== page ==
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  • Kellens A
  • De Buck E
  • Emonds MP
  • Vandekerckhove P
  • Lagae L
Epilepsy Res. 2018 Jan;139:143-149 doi: 10.1016/j.eplepsyres.2017.11.002.

In many countries people with epilepsy are temporarily or permanently excluded from blood donation. This exclusion is based on the assumption that they are more likely to experience adverse donor reactions such as epileptic seizures, and not on scientific evidence. A systematic review was therefore performed to critically examine the evidence with regard to adverse effects of blood donation on epilepsy patients.


Five databases (MEDLINE, Embase, The Cochrane Library, Web of Science and CINAHL) were searched for studies from the date of inception until December 2014. Two of the authors screened the articles and extracted the data independently and used the GRADE approach to assess the quality of evidence.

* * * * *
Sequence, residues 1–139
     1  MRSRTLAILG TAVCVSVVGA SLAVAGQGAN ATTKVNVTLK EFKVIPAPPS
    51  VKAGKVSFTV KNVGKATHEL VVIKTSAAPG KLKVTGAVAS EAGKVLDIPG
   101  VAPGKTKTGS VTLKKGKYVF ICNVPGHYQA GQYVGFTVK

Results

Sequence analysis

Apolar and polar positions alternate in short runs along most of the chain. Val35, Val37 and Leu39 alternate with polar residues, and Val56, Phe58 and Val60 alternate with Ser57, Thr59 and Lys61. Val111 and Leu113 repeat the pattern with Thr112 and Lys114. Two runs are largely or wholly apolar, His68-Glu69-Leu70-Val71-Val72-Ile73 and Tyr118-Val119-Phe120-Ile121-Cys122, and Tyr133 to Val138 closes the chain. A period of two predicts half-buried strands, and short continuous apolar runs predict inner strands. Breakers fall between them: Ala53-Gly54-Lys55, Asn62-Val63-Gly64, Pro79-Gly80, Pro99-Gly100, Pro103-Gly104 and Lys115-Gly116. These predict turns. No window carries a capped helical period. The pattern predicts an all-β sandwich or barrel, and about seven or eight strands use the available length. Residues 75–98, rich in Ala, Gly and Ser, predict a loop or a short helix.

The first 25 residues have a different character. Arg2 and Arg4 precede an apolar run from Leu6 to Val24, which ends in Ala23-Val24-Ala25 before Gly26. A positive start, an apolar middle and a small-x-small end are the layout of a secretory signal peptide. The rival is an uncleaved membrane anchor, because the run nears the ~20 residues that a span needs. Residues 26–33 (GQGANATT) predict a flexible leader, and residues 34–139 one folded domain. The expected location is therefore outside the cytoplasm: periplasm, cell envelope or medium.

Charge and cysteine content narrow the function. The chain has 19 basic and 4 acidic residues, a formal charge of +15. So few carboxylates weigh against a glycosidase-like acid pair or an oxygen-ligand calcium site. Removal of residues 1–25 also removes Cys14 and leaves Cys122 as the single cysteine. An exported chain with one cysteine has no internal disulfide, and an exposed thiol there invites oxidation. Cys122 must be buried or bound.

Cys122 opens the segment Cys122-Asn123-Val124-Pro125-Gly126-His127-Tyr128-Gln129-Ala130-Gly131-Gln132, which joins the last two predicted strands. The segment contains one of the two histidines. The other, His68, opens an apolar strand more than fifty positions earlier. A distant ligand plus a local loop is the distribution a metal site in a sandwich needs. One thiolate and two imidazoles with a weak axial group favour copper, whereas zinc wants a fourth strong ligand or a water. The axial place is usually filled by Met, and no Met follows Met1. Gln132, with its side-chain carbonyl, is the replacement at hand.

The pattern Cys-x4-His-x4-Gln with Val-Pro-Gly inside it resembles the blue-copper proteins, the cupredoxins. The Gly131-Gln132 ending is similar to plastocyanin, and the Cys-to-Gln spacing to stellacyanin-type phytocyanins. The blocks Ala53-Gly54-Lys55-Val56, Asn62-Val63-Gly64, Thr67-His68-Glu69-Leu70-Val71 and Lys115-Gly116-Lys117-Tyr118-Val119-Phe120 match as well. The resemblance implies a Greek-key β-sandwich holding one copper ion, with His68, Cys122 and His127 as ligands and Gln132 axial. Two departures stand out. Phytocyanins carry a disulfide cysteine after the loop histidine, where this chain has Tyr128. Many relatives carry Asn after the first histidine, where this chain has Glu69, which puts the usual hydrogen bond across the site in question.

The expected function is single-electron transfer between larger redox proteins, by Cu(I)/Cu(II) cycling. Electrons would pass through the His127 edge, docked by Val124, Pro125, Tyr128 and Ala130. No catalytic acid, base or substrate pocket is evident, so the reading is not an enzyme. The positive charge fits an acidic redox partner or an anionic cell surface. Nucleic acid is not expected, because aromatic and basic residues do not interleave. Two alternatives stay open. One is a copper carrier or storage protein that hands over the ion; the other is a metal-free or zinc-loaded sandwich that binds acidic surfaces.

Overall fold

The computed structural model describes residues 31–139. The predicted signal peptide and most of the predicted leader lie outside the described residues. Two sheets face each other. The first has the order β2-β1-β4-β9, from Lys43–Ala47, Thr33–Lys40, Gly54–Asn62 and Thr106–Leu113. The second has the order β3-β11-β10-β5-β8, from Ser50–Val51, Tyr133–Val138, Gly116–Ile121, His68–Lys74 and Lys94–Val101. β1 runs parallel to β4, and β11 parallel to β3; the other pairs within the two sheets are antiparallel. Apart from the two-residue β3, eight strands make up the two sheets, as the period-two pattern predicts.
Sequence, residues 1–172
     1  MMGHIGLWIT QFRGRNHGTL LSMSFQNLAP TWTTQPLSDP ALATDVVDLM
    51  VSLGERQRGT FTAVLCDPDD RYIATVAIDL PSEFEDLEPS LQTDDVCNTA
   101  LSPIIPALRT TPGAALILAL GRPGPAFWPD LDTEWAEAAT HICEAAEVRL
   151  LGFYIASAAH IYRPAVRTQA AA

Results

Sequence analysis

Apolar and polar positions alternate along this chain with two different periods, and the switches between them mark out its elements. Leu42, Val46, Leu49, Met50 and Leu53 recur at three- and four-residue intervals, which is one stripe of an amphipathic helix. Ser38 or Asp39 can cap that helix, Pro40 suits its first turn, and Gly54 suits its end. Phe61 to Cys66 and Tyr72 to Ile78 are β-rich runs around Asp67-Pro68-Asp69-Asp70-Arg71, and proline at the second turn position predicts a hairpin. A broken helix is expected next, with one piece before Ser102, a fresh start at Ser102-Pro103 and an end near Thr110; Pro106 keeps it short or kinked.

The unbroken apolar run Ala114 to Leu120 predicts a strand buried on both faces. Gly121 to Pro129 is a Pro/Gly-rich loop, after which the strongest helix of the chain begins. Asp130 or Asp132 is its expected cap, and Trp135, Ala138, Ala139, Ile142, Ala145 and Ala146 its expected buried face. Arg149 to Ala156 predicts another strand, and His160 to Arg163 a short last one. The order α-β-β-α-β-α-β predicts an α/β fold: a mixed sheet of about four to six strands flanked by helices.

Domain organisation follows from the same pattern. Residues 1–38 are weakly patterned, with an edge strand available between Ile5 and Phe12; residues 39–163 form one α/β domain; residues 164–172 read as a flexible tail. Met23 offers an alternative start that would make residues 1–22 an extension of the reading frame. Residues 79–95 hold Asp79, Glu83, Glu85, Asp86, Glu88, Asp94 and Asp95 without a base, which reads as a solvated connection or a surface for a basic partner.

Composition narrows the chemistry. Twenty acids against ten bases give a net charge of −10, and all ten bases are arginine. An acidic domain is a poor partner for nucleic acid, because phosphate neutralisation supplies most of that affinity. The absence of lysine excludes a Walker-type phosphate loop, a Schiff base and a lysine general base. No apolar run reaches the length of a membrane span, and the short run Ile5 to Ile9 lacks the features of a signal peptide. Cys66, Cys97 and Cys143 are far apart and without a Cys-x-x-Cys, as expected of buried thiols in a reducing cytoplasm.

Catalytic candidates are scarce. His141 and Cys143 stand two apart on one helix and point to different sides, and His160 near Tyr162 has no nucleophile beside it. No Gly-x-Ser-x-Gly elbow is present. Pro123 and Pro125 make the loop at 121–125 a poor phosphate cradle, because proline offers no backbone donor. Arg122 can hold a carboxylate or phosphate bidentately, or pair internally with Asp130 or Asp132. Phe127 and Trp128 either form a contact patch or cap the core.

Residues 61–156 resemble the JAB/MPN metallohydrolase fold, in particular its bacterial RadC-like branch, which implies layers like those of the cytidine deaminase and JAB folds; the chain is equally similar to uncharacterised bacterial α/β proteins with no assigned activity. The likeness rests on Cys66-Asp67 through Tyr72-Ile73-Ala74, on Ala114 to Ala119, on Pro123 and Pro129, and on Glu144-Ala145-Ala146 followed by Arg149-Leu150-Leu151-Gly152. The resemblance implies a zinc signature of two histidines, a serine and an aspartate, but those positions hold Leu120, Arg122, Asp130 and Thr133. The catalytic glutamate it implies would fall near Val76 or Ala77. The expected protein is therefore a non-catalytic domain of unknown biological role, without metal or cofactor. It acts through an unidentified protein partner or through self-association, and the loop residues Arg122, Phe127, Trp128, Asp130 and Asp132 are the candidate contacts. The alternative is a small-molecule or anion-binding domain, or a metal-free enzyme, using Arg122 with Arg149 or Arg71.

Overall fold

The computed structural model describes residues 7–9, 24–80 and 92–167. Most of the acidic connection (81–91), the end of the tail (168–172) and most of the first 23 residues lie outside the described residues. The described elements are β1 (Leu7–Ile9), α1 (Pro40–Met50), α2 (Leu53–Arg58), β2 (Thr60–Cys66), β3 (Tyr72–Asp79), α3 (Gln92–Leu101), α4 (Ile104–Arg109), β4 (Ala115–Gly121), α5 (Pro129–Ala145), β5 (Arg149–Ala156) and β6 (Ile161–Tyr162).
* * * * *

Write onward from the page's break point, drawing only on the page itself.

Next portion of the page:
The literature search yielded 7283 references. Following title and abstract screening in the first phase, and full text screening in the second phase, only three observational studies were finally withheld: one cohort study and two case series. None of the three studies could demonstrate that a blood donation resulted in adverse events in epilepsy patients. However, the studies were of poor methodological quality and lacked a solid statistical analysis.


Limited low quality studies could not demonstrate that blood donors with epilepsy are at an increased risk of adverse events. Further research is necessary to determine whether and how long epilepsy patients have to be excluded from blood donation.